Facebook users could be considered narcissists or at least people who exaggerate their achievements and experiences to show off how great they are to others. When you think about it, Facebook could be an opportune venue for narcissists who keep expanding their audience, drawing in those who wish to bask in their sunlight, get invited to their parties and live vicariously through their experiences. This leads to the logical question: Does Facebook promote an exaggerated sense of self, a false façade of self-worth, or does it in actuality cultivate real self-esteem?
The Facebook profile is an idealized version of self, full of photos and posts to support a “quality” identity. In fact, some people post blatant lies, like participating in golf tournaments when they don’t even play golf. Others exaggerate their journeys like how much fun they had on a vacation by posting beautiful photos taken during the one hour of sun in a week filled with mudslides and torrential rain. In either case, one’s lies reveal truths about the self – the image that one wishes to create.
Sometimes when you tell other people your exaggerated achievements or make up stories about your noble aspirations, in essence you are boosting your own self-esteem. After all, these are your innermost wishes and dreams, the inner recesses of your imagination. Once you announce your “stories,” in posts for family, colleagues, friends and acquaintances to see, then you might set out to achieve your stories. Each story you live up to boosts your confidence to build on that experience and fulfill the next one. Who inspires you, a positive coach or a negative coach? In other words you virtually become your own positive coach: Look what I did!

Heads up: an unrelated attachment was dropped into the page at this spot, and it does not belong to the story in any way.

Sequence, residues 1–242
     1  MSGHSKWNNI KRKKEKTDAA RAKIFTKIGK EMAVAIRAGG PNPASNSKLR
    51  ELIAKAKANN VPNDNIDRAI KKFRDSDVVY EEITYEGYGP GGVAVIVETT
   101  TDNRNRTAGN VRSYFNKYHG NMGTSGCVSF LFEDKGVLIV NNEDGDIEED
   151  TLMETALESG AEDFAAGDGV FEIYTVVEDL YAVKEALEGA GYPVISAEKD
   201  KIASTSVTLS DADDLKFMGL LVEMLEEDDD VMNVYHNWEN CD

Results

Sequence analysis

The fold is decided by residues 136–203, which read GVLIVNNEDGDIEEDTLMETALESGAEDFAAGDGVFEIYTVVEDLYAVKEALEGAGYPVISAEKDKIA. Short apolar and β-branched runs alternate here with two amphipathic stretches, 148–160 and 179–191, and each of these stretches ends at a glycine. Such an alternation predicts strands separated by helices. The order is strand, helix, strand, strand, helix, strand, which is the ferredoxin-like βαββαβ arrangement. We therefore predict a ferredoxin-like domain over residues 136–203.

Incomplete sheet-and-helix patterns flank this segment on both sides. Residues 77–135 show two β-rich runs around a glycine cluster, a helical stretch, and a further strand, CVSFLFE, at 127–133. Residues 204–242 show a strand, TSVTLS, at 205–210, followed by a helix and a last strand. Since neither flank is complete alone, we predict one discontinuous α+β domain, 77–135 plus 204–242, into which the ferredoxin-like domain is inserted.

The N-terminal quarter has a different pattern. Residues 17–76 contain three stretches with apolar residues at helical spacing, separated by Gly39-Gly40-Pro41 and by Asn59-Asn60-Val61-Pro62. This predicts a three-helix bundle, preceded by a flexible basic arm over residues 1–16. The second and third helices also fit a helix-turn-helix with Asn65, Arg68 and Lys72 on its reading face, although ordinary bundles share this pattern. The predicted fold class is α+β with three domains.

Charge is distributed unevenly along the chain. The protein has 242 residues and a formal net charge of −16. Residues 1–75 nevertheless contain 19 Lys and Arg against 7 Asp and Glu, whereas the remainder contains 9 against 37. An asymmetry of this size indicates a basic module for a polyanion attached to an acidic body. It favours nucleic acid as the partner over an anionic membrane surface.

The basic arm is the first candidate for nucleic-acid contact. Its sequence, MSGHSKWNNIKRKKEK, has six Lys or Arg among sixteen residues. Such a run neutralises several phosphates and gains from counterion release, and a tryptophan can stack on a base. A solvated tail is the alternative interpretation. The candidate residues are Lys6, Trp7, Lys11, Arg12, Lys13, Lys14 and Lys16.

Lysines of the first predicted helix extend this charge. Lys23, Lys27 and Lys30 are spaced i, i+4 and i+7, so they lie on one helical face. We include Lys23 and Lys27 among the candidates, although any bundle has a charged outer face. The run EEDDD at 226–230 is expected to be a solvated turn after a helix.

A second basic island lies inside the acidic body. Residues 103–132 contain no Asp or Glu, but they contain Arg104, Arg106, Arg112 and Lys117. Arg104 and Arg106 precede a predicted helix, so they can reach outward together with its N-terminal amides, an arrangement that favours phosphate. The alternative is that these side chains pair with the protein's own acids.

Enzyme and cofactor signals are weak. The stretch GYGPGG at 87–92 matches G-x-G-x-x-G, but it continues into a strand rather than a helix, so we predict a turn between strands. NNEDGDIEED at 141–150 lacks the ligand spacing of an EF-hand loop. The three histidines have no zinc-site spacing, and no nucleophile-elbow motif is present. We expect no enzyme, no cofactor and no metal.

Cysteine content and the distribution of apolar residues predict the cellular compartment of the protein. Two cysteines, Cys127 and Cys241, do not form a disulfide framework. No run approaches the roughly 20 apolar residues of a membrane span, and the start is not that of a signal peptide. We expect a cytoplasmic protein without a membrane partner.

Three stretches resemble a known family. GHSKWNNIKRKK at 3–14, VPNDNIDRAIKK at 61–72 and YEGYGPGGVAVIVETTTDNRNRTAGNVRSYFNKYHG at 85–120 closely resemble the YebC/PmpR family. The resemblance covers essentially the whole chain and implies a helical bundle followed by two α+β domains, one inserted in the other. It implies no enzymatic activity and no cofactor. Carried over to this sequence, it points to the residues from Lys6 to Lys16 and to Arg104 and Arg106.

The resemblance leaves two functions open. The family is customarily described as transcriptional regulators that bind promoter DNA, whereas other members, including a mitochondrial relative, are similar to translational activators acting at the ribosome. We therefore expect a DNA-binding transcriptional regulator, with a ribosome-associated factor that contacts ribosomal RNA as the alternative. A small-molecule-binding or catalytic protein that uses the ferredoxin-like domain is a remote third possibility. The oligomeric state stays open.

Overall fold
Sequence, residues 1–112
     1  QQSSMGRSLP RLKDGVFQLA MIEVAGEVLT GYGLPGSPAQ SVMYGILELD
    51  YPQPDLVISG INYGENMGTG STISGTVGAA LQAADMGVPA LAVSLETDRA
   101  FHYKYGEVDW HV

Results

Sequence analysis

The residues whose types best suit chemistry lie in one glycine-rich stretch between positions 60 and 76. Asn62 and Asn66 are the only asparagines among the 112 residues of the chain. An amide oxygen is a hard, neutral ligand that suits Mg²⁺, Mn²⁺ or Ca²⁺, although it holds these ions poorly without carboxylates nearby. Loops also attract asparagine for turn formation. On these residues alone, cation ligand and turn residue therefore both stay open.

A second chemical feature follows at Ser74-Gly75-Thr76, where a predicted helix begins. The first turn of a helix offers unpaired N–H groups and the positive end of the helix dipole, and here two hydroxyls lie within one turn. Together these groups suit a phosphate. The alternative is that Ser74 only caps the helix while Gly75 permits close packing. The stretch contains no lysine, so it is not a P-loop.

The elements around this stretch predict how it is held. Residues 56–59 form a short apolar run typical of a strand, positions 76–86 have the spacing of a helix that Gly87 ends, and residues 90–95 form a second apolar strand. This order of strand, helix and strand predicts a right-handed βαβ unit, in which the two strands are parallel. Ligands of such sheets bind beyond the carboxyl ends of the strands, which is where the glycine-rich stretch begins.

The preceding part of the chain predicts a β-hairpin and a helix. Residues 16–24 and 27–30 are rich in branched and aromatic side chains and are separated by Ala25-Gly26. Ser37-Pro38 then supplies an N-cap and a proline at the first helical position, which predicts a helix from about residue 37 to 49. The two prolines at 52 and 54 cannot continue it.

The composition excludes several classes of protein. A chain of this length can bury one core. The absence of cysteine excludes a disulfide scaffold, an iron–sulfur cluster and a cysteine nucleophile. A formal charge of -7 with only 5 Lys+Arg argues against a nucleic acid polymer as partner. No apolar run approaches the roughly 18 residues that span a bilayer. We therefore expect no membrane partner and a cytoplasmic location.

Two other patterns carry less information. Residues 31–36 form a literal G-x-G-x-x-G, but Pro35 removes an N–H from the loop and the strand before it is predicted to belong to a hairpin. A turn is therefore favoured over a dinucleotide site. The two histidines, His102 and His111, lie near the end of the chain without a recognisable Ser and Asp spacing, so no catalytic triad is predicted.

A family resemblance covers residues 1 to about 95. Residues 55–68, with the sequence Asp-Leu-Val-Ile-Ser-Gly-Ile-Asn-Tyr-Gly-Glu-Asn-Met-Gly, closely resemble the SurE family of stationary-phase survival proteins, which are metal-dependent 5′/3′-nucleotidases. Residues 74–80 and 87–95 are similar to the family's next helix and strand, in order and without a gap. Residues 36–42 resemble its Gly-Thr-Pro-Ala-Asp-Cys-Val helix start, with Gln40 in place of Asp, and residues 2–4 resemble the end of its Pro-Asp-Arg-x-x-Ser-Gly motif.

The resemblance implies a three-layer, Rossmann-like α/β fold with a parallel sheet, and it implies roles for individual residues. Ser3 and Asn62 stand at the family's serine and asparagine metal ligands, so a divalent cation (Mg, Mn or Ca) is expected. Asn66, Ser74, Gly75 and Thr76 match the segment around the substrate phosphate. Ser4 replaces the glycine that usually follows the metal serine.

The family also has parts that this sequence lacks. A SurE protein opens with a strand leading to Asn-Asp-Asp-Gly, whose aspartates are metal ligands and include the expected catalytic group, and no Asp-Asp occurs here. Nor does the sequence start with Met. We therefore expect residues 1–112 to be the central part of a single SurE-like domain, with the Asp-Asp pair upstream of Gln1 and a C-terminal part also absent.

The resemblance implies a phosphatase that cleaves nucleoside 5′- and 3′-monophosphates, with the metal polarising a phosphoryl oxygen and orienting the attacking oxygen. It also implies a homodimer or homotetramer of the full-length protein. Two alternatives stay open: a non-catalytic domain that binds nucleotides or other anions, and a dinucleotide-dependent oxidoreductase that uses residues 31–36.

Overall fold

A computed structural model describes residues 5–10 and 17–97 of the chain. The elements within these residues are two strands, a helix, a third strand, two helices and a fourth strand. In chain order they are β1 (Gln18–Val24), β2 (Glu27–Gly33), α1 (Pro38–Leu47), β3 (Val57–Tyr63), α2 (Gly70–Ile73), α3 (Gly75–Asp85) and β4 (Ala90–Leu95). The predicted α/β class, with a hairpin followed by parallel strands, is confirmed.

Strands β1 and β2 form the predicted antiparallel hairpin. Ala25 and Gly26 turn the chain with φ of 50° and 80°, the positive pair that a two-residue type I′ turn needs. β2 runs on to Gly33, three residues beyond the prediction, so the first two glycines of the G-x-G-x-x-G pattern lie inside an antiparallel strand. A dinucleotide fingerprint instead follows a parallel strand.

For example, people who experience difficulty losing weight and really want to lose the weight often confide in their inner circle of family and friends for accountability and reinforcement- there is no turning back now. Or those who have failed in an endeavor and pledge to succeed in the future want others to see how they can transform failure into triumph. Everyone wants to live up to the better image: Conceive, believe and achieve.
Reclaim your true identity:
- You were born an original, a first rate version of your authentic self. Don’t become a copy of someone else’s concept, second rate. Take the initiative to fulfill your true self.
- Start accomplishing for yourself instead of always accomplishing for others.
- Ask yourself: What do I need to communicate, so that others understand what I need?
- Rid yourself of emotional programming, that false sense of perfectionism: The perfect job, lover, and home. Make your ideals real. Small steps lead to giant gains.
For more information on managing your stress and reclaiming your life read my book, Addicted to Stress: A Woman's 7 Step Program to Reclaim Joy and Spontaneity in Life. To listen to archived radio shows with guest experts visit Turn On Your Inner Light Radio Show